bbr marketing Blog
I don’t mean to “Complain,” but…
by Kelly Googe Lucas, marketing and social media manager
Each and every single day I receive several newsletters and email blast announcements. They come from clients, vendors and others with whom I registered for something a million years ago and they still have me in their system. For the most part, I just skim them quickly and delete them; I rarely click through any of them. And unless they are completely irrelevant to my needs, I hardly ever unsubscribe. I allow them to bombard my inbox because I never know when one of them will send me something that will solve a major problem or help make my life easier. It’s a total crapshoot, but it’s not doing me any harm by letting these companies send me newsletters.
One thing I never do is hit the “Complain” button in the newsletter. Maybe I’m just lucky that I’ve never received an email that warranted it or maybe I’m just really, really nice. And yet, each time I assist a client with creating and sending out a newsletter, it never fails that someone on that email list decides to complain.
It absolutely befuddles me why people would complain about a company trying to market itself and share (what they hope is) valuable information, especially since the vast majority of the time the recipients’ own company sends out newsletters as well. Maybe the email caught them on a bad day or maybe another vendor in the same industry really irked them and now they’re out to get that industry. Or maybe, they don’t realize the repercussions of that simple click. I just don’t know what they think they are accomplishing by filing the complaint.
If their purpose is to be taken off of the email list, then a plain “Unsubscribe” would have done the trick just fine. If they’re trying to get the sending company in trouble with their email platform, that’s just juvenile. Email platforms, including MailChimp, the one we use, track these things. If there are too many complaints, the account gets suspended. Odds are these companies aren’t going to get enough complaints for suspension, since they are good, legit companies with good, legit content. The point is that the one complaint is now on their permanent record and that’s just petty and annoying.
One more thing to consider before you tattle-tale on a newsletter: when the complaint is filed, the sender gets to see who complained. So now your name and company are known for this action and that won’t necessarily serve you well in the world of business networking. People tend to remember things like that when it comes time to make recommendations and referrals. Just saying.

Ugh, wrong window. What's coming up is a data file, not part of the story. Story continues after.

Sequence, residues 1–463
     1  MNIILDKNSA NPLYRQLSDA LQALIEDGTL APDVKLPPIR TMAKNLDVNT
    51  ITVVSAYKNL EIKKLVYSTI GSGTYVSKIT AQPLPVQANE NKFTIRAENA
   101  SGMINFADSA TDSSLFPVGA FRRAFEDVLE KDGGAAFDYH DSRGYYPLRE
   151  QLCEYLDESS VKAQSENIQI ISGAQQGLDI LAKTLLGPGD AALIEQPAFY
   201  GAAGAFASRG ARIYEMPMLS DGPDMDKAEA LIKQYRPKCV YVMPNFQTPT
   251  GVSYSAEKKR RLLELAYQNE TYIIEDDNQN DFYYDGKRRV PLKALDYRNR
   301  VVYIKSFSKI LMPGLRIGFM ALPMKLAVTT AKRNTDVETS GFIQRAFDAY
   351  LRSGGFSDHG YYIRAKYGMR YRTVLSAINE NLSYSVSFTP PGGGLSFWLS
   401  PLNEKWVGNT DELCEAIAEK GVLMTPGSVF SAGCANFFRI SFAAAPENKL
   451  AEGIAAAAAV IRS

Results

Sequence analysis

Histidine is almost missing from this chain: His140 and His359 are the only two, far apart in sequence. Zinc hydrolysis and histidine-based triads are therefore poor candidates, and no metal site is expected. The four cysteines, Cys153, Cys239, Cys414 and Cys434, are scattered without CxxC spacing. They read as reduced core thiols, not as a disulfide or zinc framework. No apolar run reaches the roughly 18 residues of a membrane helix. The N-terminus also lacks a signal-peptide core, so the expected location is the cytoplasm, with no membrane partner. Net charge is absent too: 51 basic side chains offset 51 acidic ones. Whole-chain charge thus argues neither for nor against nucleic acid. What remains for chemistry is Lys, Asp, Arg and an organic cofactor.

So before you hit “Complain” on newsletters from legit companies, remember that you probably gave them your email at some point. You wanted something from them and in exchange you gave them your contact info. It’s a very common trade. Just because you didn’t explicitly sign up for this specific email does not give you the right to be a jerk. If you don’t want to hear from them anymore, hit “Unsubscribe.” That’s why every email has that option at the bottom of it (or certainly should). But please don’t complain – it only annoys the sender and does you absolutely no favors.
This is great information, and a real wake up call for those that need to mind their manners.
I’m totally one of those jerks who complains on email blasts, but really only if the unsubscribe doesn’t work first. About once a month, I’ll go through and unsubscribe from everything except for a few from folks i know, yet my inbox is always cluttered with things I never signed up for. I guess I’m a little more jaded than most, but realize that your email ethic accounts for about 5% of all email marketers.
I agree, Kelly, using the ‘Complain’ option is overkill in most situations. If someone refuses to remove your name from their database after several requests to ‘Opt-out’, maybe ‘Complain’ is the only response left. But, especially those who at one point joined, subscribed or opted-in, an opt-out does the trick without being rude.
Thanks for sharing your thoughts on the subject.
Jay: I appreciate the compliment on our email ethic and recognize that unfortunately not everyone shares it. Terri: Overkill is a great way to describe it. Thank you for the comments.
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